Thursday, September 29, 2011

What do you want, and when do you want it?

It's too bad I'm not the only one who is befuddled about Occupy Wall Street.  I'm pretty darn politically aware, and don't need a lot of hand-holding in approaching social issues, but I'm noticing that I lose interest when it comes to insubstantial ideas.  Yes, I want it to be possible to get by in this country.  I'm very interested in how exactly that can be made to happen, but stuff that is literally impossible is lucky if it gets a shrug from me.  Also, anything with a "Step 2. ?? Step 3. Profit!"

Step 1.  Occupy Wall Street.  Right on.
Step 2. This is what I am missing
Step 3. Thank God it's over.

I don't think that there are too many people unaware of our huge recession.  So it's starting to look like:

Step 1: Underestimate the intelligence of everyone
Step 2: Hey, wtf
Step 3: everyone is mad

What we need awareness of is what we need to do.  The problem is pretty damned obvious.  Though, I do look forward to Reimagine Work, the upcoming conference that seeks a roadmap to an economy that people can live with.  As far as I know, the basic premise is to uncouple income from work.  Now that's interesting.  It's a bit radical for my blood, but something's gotta give.  

4 comments:

Sara E Anderson said...

A note: the title of this post was originally something dumb, and I changed it. I completely changed my concept for this post several times, and the title suffered for it.

ballgame said...

I think the point of the protests is to raise awareness that there really is a Left that exists in this country, and that there are options beyond the This Party Is Batshit Crazy and This Party Sucks But Not Quite As Much box that the media shoves everything into.

I think a lot of people know that the rich are the main ones responsible for fucking up our economy, but they don't know that anyone else knows that, and so the fact just sort of drifts out of their consciousness into the 'fact of life, whaddya gonna do' category. When protests get big enough (and hopefully some smart FDR-like people start working on fixing the system — Elizabeth Warren???), those people realize that what they know isn't just true, but is also relevant.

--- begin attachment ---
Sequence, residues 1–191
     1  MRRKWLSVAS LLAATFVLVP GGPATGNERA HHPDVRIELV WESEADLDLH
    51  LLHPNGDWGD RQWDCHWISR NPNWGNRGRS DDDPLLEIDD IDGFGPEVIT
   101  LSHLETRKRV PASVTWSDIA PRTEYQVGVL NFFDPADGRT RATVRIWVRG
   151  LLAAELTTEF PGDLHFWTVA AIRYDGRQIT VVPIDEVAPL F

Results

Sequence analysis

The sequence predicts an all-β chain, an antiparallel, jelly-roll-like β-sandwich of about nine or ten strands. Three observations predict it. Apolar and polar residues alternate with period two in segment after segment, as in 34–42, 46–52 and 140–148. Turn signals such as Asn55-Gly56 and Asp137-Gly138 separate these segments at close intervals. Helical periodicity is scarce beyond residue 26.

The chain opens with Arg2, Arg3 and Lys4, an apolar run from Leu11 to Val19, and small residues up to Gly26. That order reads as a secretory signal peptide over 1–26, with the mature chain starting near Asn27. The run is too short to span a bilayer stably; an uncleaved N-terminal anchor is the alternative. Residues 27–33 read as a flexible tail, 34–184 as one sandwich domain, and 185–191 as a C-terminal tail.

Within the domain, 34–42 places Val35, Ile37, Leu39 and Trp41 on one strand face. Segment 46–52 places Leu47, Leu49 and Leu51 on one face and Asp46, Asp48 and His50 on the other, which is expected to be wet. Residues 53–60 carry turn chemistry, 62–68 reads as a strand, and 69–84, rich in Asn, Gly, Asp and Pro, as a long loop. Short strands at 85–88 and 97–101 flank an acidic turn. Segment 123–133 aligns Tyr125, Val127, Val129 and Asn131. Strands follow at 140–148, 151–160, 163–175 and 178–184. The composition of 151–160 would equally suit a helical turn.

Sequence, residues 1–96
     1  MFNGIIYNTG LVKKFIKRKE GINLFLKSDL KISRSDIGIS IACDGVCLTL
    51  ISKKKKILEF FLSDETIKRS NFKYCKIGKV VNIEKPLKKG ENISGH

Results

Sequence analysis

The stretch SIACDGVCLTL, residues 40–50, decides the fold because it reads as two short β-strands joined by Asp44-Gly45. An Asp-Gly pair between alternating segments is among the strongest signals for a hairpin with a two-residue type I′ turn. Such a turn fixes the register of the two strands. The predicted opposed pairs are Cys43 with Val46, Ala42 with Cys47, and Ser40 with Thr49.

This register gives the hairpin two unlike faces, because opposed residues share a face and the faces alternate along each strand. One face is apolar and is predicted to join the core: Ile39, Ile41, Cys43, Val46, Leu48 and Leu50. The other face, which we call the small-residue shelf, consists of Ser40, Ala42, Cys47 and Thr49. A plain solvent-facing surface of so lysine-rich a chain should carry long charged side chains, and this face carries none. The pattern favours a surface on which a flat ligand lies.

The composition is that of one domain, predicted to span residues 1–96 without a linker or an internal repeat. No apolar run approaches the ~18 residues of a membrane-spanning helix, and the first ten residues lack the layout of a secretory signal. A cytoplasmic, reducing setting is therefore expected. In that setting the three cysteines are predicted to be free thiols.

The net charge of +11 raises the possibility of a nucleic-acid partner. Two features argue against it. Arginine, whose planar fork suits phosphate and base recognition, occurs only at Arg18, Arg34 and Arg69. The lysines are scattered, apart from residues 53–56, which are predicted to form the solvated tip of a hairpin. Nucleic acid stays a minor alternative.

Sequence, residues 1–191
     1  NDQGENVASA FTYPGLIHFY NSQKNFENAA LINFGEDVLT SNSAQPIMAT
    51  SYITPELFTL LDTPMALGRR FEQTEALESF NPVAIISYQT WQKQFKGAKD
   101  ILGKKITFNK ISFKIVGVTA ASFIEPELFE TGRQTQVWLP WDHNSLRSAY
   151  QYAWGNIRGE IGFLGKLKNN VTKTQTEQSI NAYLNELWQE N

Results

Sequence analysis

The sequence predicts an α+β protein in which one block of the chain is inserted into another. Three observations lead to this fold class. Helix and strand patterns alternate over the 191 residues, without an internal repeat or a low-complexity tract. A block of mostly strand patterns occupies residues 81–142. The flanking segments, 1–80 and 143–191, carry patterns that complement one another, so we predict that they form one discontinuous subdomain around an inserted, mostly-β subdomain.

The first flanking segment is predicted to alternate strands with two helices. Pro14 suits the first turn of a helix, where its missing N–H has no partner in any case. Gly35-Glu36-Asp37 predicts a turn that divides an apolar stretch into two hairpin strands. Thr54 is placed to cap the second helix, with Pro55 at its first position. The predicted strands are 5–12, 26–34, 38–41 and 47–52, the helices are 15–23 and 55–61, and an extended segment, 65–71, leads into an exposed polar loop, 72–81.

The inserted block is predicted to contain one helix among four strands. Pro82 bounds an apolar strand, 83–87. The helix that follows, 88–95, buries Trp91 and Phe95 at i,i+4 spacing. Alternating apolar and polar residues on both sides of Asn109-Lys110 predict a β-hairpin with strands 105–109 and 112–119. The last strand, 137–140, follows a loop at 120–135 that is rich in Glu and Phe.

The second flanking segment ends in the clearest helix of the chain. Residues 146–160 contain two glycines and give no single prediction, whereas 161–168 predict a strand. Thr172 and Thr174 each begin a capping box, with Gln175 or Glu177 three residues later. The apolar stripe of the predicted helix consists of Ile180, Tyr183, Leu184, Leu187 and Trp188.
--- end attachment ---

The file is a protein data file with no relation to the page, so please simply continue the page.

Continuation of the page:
BTW, Sara, are you still active at Cogitamus? I find it very odd that the protests haven't even been mentioned over there.

Anonymous said...

hi, in germany we have a similar idea "growing", mostly within local parties, call the "bedingunsloses grundeinkommen" (an "unconditional income for everyone)". its first goal is also to cut the income from its relation to the work and ensure that everyone gets some money (people talk about more or less 1500 euro). with this "income" people should be able to life a life in dignity, using the humanitarian voice at this point. there a lot different kinds of this idea, that change on finance or other necessary detials. go look it up, should find english articels about it.

Sara E Anderson said...

I've been trying to warm up to an audience around these parts before stepping back in there. (I also was wondering if it would be weird to just show up again out of nowhere, but what the hell.)

But I think you've got something there. It's not precisely what I'd like, but I'm used to taking what I can get when it comes to politics.